The best-selling book by Caleb Carr is the basis for "The Alienist," a psychological thriller set amidst the vast wealth, extreme poverty and technological innovation of 1896 New York. A never-before-seen ritualistic killer is responsible for the gruesome murders of boy prostitutes, and newly appointed police commissioner Theodore Roosevelt calls upon criminal psychologist Dr. Laszlo Kreizler, newspaper illustrator John Moore and police department secretary Sara Howard to conduct the investigation in secret. The brilliant, obsessive Kreizler is known as an alienist -- one who studies mental pathologies and the deviant behaviours of those who are alienated from themselves and society. His job, along with his controversial views, makes him a social pariah in some circles. But helped by a band of outsiders, Kreizler's tireless efforts eventually answer the question behind what makes a man into a murderer.
The Alienist is really quite a strange name for this tv series. Sure, they explain it at the start of each episode (An alienist is an old term for a psychiatrist/psychologist who works with mentally challenged people that are alienated from society), but it is such an old term that most people these days would simply assume the series has to do with extraterrestrial aliens. In all honesty, the main drawcard for the series is that is stars Dakota Fanning, Luke Evans, and Daniel Brühl because the title doesn't really give much else away.
Once you get around to checking it out though, the series cashes in on the intrigue around Jack the Ripper. Looking at how similar crimes (albeit fictional) would be solved in the late 19th Century, with differing technologies available, and many different social standards in regards to tolerances towards races and sexuality.
The set designs are brilliant, with great attention to detail, from the horse carriages to building layouts and structures, to the quality of roads, and even the demographics of those onscreen. Aesthetically, the show is authentic, going as far as to show a visible difference in air quality between city and countryside locations.
Period crime procedural shows are always intriguing, not only with the details of the serial killer cases but taking the opportunity to showcase a completely different side of society that was commonplace in those times. Now the area that this show focuses on is a killer that focuses on boy prostitutes; boys that dress up as girls and do "what girls will never do). It's an interesting aspect of the Victorian era, which combined with a team of Jews and Women, shows the less "perfect" side of the time, where intolerance, discrimination, corruption, and sexism were perfectly acceptable and par-for-the-course.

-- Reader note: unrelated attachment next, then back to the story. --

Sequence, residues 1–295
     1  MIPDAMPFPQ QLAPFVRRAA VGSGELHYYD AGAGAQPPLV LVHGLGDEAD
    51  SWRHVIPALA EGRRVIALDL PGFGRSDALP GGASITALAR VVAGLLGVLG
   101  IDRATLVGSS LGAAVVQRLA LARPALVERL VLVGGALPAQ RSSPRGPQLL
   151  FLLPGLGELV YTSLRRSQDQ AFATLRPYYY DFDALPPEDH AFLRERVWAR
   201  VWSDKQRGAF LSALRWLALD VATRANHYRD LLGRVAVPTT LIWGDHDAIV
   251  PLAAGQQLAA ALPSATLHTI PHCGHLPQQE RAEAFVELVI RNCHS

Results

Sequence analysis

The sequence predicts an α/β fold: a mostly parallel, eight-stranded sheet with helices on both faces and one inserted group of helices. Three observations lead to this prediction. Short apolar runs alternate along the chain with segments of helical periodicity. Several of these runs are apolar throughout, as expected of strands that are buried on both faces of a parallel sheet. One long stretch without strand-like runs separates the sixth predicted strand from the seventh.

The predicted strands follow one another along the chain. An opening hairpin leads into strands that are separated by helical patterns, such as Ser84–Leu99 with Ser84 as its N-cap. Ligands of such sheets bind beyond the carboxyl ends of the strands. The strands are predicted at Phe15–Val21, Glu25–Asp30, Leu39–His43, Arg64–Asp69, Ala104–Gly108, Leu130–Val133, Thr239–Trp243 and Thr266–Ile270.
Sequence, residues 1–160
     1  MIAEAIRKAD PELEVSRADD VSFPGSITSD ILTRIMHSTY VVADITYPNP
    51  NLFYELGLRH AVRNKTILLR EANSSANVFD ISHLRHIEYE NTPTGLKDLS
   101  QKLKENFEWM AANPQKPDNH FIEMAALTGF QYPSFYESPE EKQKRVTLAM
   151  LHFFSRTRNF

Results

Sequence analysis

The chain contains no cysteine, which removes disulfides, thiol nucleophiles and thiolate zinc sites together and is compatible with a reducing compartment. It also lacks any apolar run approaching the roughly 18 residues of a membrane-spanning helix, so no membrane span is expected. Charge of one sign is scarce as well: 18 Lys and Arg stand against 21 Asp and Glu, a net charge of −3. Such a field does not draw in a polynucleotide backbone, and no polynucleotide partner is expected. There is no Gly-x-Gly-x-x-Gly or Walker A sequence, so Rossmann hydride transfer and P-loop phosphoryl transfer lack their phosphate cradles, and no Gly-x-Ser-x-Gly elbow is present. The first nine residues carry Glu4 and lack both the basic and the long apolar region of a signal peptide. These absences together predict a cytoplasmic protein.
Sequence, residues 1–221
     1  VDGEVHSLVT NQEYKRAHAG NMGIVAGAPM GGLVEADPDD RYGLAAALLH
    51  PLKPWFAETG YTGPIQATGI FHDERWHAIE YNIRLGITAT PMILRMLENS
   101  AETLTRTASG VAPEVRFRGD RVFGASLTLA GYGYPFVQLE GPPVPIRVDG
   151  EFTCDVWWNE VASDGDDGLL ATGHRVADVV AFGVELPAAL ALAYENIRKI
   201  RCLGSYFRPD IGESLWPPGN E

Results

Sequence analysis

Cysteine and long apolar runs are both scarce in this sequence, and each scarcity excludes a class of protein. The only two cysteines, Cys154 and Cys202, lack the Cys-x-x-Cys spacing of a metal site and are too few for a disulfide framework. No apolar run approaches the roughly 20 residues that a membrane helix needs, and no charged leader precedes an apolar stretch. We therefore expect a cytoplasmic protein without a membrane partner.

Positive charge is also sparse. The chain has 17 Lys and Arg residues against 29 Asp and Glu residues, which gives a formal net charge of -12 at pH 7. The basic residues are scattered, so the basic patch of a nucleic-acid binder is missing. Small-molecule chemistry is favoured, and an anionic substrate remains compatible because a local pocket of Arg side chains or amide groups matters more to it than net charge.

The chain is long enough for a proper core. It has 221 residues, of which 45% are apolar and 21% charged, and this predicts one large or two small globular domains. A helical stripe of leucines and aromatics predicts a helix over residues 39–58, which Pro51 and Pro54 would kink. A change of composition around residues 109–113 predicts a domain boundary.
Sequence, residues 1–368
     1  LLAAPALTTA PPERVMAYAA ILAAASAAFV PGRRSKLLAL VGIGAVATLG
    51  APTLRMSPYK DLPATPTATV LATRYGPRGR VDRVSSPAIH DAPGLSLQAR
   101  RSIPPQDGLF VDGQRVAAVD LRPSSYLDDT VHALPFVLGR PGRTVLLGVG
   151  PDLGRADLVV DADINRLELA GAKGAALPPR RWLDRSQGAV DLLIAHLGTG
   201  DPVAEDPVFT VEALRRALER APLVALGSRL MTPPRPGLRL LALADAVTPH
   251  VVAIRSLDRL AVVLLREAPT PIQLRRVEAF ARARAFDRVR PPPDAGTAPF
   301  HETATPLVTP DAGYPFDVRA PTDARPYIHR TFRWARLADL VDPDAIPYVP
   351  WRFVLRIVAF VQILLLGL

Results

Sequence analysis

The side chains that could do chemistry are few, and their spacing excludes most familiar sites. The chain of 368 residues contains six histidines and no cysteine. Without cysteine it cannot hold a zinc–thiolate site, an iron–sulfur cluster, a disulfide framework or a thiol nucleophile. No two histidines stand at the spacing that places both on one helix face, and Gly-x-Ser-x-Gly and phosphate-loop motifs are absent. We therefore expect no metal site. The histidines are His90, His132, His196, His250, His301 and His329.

I also need to mention that the term boy "whores" (as opposed to boy prostitutes as it says in the synopsis above) is a term used in the series, and it is used very freely and frequently. If that is a term that does not sit well with you, then this series may well make you uncomfortable.
The Alienist creates an elaborate game of cat-and-mouse that is admittedly a slow builder but manages to become quite a thrilling escapade by the final episodes. I would almost have preferred the season to have been an extra 2 episodes long because just when the team were getting somewhere, we only had one episode left, which leads to an abrupt ending.
The Alienist feels like a darker Sherlock Holmes, with a much more cooperative feel to it. An intriguing premise that doesn't look away from more unconventional proclivities, and is unabashed in its plight to treat all people as equals. While visibly gorgeous, the pacing and writing don't really hit its stride until the latter half of the season, so the tension is not always where it should be. Here's hoping they can get the balance right in Season 2.
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Henry Wadsworth Longfellow (1807 - 1882)